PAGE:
Applications of Graph Theory To Chemistry I
Org: Patrick Fowler
(University of Sheffield)
- PATRICK FOWLER, University of Sheffield
Currents in molecules [PDF]
Two applications of graph theory to determination of electron flow in molecules are presented. Ballistic currents, driven through a molecule by a potential difference, are described in terms of a transmission function based on characteristic polynomials of the molecular graph and three vertex-deleted subgraphs. Ring currents, flowing in closed loops within a molecule and driven by an applied magnetic field, are described in terms of nodal characteristics of adjacency eigenvectors of the molecular graph.
- CRAIG LARSON, Virginia Commonwealth University
Conjecturing with GrInvIn [PDF]
GrInvIn is a program for investigating graphs. The program is open-source, easily extendable, easy-to-use and can enhance student's mathematical investigations at many levels. The author will discuss examples of using GrInvIn in an introductory proofs course, and in guiding a masters
thesis on bounds for the domination number in benzenoids. Finally, we have added a new conjecturing heuristic - with the aim of improving the conjecturing power of future iterations of GrInvIn.
- MILAN RANDIC, National Institute of Chemistry, Ljubljana, Slovenia
Graph Theoretical Models of Ring Currents in Conjugated Hydrocarbons [PDF]
We outline a graph-theoretical approach to calculation of ring currents in polycyclic hydrocarbons. The K Kekulé valence structures (perfect matchings) are compared pairwise to give the K(K-1) sets of conjugated circuits, which are then oriented according to length. The number of appearances in conjugated circuits of each arc gives the bond (edge) current intensity and direction. The result is a purely combinatorial model for the currents associated in chemistry with aromaticity of e.g., benzenoids.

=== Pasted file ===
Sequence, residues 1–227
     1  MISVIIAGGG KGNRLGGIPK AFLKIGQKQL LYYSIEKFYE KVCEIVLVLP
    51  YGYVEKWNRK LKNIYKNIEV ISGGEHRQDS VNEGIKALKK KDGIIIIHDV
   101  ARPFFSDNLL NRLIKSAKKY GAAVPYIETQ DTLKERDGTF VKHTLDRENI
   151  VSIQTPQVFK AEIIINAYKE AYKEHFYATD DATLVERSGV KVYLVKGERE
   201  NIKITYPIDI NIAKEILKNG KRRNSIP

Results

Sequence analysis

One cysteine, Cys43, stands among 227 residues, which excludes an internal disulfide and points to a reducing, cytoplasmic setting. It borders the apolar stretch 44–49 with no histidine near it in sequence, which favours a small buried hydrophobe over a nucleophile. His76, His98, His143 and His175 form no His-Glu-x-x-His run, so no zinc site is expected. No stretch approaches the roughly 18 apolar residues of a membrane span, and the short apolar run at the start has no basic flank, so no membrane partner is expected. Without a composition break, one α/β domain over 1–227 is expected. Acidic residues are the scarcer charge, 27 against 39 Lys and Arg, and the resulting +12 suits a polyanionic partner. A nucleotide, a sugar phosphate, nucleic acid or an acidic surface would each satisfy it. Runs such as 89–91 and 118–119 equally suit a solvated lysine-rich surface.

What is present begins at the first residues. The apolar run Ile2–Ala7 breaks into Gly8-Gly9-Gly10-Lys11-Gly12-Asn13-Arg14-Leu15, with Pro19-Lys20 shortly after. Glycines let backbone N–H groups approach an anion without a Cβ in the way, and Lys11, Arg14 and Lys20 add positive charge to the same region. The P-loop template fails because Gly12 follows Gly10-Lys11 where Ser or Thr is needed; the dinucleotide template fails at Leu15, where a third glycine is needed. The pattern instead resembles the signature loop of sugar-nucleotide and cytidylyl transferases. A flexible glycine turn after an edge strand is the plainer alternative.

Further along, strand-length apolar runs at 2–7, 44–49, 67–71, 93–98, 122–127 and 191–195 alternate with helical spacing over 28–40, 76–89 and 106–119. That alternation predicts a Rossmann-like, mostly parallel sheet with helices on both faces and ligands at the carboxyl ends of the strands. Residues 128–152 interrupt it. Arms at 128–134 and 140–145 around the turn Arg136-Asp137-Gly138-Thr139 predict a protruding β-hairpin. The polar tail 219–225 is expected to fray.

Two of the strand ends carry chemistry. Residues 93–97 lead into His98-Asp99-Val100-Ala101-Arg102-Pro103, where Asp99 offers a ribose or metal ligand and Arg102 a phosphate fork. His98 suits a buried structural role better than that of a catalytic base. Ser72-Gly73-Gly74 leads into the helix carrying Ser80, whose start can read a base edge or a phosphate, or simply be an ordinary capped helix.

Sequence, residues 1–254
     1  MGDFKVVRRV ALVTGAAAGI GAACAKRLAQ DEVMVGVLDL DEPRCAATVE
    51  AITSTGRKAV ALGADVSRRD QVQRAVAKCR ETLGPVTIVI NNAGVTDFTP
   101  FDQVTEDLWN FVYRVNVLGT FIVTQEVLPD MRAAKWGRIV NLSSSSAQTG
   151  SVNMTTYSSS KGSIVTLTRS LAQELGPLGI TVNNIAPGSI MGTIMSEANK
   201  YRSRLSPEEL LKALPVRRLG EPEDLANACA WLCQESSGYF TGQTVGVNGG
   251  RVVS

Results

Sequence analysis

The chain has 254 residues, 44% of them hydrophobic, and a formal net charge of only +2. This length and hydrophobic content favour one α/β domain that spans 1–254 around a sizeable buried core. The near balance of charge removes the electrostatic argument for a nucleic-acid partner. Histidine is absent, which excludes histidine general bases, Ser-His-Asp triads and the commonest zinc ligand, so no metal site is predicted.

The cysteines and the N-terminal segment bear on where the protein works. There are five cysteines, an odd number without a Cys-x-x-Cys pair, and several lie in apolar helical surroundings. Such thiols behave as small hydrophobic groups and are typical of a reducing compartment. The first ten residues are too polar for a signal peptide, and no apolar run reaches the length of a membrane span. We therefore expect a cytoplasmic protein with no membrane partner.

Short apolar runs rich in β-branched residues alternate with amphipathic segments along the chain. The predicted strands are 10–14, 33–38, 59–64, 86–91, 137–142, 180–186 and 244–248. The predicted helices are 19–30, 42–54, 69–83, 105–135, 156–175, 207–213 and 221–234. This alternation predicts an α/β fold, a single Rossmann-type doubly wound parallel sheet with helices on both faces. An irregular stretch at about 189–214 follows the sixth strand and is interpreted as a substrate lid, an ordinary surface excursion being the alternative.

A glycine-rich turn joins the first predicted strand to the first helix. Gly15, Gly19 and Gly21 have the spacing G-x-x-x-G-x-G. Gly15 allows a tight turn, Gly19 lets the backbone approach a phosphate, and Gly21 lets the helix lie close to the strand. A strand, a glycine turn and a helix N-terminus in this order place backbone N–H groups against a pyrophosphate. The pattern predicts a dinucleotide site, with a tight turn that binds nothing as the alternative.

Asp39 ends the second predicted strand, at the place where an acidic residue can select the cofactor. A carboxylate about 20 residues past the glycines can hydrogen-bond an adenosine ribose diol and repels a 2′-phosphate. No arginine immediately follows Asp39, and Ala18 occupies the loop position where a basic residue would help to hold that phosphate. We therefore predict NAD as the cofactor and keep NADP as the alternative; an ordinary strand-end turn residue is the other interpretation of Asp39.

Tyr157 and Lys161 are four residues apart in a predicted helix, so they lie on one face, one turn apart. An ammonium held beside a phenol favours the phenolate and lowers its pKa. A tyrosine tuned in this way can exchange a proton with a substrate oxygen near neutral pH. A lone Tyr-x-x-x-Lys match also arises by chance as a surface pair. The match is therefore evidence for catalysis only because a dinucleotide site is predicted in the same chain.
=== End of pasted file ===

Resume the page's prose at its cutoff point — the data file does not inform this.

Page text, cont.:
- IRENE SCIRIHA, University of Malta
Interlacing and Omni-Conduction in Single Molecules [PDF]
Conduction in single molecules is explored by considering singular subgraphs of the molecular graph. The Interlacing Theorem determines fluctuations in the spectrum of a graph when a vertex is deleted, illuminating the concept of electric transmission. A molecular device where conduction occurs independently of placement of terminals is an omni-conductor. Sufficient conditions for conduction are presented, enabling the classification of conducting and insulating molecular graphs.
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